Daniel (half Irish/half Italian actor Lorenzo Flaherty) is driving to the ancient Italian resort town that he grew up in with his beauteous girlfriend Clara (Sabrina Paravicini) and he should be rather happy, but he is plagued by a childhood flashback from twenty years ago when he witnessed his father’s death in a fire during a unexplained industrial accident. Indeed, Daniel is so consumed by bad memories that he almost completely collapses upon checking into a hotel at a quaint Italian village with his girlfriend as a result of these literally hellish flashbacks. Of course, Daniel only gets all the more worse when he bumps into a wealthy old Guido scientist named Coppola (played by German veteran actor Erik Schumann, who started working during the Nazi era and went on to star in Fassbinder flicks like Lili Marleen (1981) and Veronika Voss (1982)), who the disturbed young man blames for the death of his father. Of course, a series of problems arise for Daniel one night when he not only bumps into Coppola, but also spots his nemesis’ exceedingly strange and slender yet equally sensual daughter Olimpia (Stella Vordemann), who likes to show her oftentimes scantly clad statuesque body outside around her father's estate, as if she is a living statue of great aesthetic majesty that the scientist cannot help but flaunt to his neighbors. Needless to say, Clara becomes instantly jealous of Olimpia, but she is also worried about Daniel’s fanatical hatred of old man Coppola and believes her boyfriend is more or less borderline schizophrenic. When Daniel takes Clara to visit his father’s grave for the first time in his entire life, he tells his girlfriend that he believes Coppola killed his father and fled, but she does not believe him, as he has no evidence to back his claims aside from a faulty childhood memory. After Daniel breaks into Coppola’s home a couple times and attempts to swoon the virtual walking-and-talking orgasm (indeed, due to her singular exotic and erotic essence, she is like sex incarnate), Olimpia, Clara is, somewhat inexplicably, invited to a party at the elderly Goombah’s home. Upon being ‘formally’ introduced to Olimpia, Daniel confesses to the young lady that he has a feeling that a “new life” begins today, as if the young debutante has stolen his soul. After the party, Clara naturally berates Daniel for debasing her by slobbering over Olimpia in front of everyone else at the reception and obsessing over Coppola, stating, “If he’s a murderer then I’m the Virgin Mary.”  Indeed, while Clara might not be the Virgin Mary, Olimpia is certainly the next best thing, as a virginal beauty that seems like a living and breathing Arno Breker statue, albeit with a fire-crotch.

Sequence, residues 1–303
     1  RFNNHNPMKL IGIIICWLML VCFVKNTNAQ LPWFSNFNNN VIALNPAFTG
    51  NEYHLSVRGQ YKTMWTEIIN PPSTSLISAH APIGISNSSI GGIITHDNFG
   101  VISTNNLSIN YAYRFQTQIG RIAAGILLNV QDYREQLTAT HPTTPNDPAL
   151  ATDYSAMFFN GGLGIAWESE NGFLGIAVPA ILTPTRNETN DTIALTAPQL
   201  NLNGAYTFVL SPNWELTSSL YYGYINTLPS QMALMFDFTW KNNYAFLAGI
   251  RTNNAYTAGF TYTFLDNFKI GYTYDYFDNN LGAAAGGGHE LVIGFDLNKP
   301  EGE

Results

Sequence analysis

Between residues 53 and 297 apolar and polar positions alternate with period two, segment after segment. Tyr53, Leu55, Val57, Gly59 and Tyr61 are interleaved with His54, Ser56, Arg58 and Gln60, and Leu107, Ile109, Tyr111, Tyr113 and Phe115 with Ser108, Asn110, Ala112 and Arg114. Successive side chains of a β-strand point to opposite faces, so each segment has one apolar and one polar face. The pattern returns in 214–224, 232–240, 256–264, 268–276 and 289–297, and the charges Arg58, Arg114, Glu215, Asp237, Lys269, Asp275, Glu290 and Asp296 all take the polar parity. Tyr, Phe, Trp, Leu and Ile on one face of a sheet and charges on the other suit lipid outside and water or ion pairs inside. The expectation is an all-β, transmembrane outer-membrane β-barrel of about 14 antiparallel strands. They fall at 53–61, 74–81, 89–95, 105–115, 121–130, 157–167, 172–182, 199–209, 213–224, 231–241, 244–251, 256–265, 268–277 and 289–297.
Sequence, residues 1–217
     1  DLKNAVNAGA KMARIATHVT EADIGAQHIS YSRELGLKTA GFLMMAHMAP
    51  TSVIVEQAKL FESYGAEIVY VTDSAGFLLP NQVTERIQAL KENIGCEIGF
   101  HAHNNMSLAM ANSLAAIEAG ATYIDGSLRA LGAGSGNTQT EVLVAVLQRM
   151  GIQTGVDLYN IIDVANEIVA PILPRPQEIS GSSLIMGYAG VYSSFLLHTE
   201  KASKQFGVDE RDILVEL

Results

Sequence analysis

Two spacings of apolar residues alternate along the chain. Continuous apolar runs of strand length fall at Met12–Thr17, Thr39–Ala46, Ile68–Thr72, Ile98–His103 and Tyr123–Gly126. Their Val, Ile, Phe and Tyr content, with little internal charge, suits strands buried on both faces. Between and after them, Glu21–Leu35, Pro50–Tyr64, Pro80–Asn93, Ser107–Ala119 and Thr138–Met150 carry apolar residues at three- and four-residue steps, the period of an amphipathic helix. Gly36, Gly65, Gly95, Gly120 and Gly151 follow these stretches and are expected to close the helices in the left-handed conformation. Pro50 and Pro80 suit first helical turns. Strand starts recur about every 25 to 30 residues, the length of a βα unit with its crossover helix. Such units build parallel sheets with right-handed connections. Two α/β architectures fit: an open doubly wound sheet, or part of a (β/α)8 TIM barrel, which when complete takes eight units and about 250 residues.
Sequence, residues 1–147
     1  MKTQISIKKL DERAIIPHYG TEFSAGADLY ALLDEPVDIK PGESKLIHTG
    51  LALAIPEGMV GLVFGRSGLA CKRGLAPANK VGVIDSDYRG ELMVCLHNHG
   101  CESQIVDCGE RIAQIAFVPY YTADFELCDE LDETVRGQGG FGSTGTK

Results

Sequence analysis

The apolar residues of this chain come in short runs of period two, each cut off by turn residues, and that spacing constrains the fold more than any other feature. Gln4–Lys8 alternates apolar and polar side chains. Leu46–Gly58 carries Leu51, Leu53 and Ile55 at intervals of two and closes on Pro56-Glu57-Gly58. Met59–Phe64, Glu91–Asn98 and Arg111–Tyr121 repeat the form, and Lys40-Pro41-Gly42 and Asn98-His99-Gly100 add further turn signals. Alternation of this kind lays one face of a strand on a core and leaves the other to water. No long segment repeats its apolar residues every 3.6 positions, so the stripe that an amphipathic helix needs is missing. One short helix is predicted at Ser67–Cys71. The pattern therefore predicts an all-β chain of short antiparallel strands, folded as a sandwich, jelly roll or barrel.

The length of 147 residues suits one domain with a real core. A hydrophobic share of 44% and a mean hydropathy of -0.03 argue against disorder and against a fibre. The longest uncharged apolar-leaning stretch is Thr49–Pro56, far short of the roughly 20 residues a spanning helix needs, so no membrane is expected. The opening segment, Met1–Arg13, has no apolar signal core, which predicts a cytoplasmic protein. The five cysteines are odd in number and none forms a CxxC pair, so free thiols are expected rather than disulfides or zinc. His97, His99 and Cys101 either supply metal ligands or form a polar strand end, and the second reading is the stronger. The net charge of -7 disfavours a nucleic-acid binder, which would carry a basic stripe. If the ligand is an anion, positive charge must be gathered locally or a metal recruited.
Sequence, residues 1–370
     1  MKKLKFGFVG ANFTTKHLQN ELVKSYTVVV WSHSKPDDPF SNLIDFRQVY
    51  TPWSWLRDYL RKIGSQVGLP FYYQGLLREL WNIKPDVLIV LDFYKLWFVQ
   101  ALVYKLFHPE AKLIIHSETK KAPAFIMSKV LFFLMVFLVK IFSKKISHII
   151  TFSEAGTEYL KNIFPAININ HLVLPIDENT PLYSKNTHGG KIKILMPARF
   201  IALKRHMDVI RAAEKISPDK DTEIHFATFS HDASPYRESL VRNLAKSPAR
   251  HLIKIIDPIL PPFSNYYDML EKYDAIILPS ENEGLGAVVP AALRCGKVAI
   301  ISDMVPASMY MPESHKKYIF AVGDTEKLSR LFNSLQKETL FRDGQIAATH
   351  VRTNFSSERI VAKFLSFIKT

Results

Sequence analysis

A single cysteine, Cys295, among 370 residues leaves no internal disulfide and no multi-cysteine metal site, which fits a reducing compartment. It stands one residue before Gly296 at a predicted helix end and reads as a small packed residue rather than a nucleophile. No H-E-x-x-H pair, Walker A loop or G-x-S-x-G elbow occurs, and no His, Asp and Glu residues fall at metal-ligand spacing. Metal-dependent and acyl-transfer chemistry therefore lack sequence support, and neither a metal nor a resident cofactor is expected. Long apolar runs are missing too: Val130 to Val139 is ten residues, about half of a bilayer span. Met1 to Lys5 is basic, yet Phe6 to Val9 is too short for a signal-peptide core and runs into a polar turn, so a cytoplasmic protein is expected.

Needless to say, after taking all she can in terms of being ignored by her lovelorn lunatic boyfriend, Clara runs away, heads to Venice and leaves her unfaithful boy toy a letter saying he can join her if he wants, but of course, Daniel has too much unhealthy love for Olimpia and fanatical hatred for Coppola to leave just now. Degenerating more and more into a depraved megalomaniac of sorts who runs around from place-to-place rambling nonsense, Daniel begins taunting and making death threats to Coppola, but the scientist remains rather calm, at least considering the circumstances.  Of course, this does not stop the exceedingly arrogant antihero from routinely bedding Coppola's delectable daughter. When Coppola’s elderly associate Spalanzini (John Karlsen) offers Daniel a brand new red BMW to leave the Italian town and reunite with his girlfriend, the meta-lovestruck young man throws the keys to the car in a river and sarcastically asks the old man, “do you happen to have a spare key?” After a while, Daniel manages to get Olimpia out of her father’s firm and seemingly incestous grip, but he soon discovers that things are not as magic as he had hoped they would be. On top of the fact that Olimpia is rather evasive when it comes to questions regarding her childhood and background in general, Daniel soon learns that she bleeds white fluid and has wires and tubes in her rather petite body. Indeed, Olimpia is an anatomically-correct cyborg that was invented by Coppola, yet she somehow developed real human emotions over time, including love, yet Daniel finds this all to be rather dubious and begins questioning the integrity of his erotic robotic lover. While Daniel complains that Coppola is an evil Sandman who threatened “to scratch out my eye if I couldn’t restrain my curiosity” when he was a child, Olimpia ensures her new boyfriend that he is a great and loving man who brought her life. Obsessed with the fact that she is a robot who cannot feel pain, Daniel begins to doubt Olimpia’s love and becomes increasingly obsessed with playing with the various parts and wires inside her body, as if he has developed a foul fetish for masturbating machinery. Needless to say, one day, Daniel goes too far in terms of fiddling with his robo-babe’s wanton wires and ultimately disembowels her, thereupon resulting in her malfunction and subsequent death. Desperate to revive his amorous automaton, Daniel goes to his perennial enemy Coppola for help and learns that his lady love is gone forever, as the Guido scientist attempted to make a second robot and failed. Indeed, Coppola also reveals to Daniel that he is actually his father and that the real Coppola was the one that died in the tragic fire that took place two decades ago. As Daniel’s father explains, “I couldn’t bear what I’d done to you and your mother. That’s why I fled. Only your mother knew the truth…And that truth killed her. Forgive me. Daniel. Please. Forgive me. Forgive me everything.” In the end, pseudo-Coppola/Daniel's father drops dead and Daniel somehow regains his sanity and goes to Venice to reunite with his girlfriend Clara.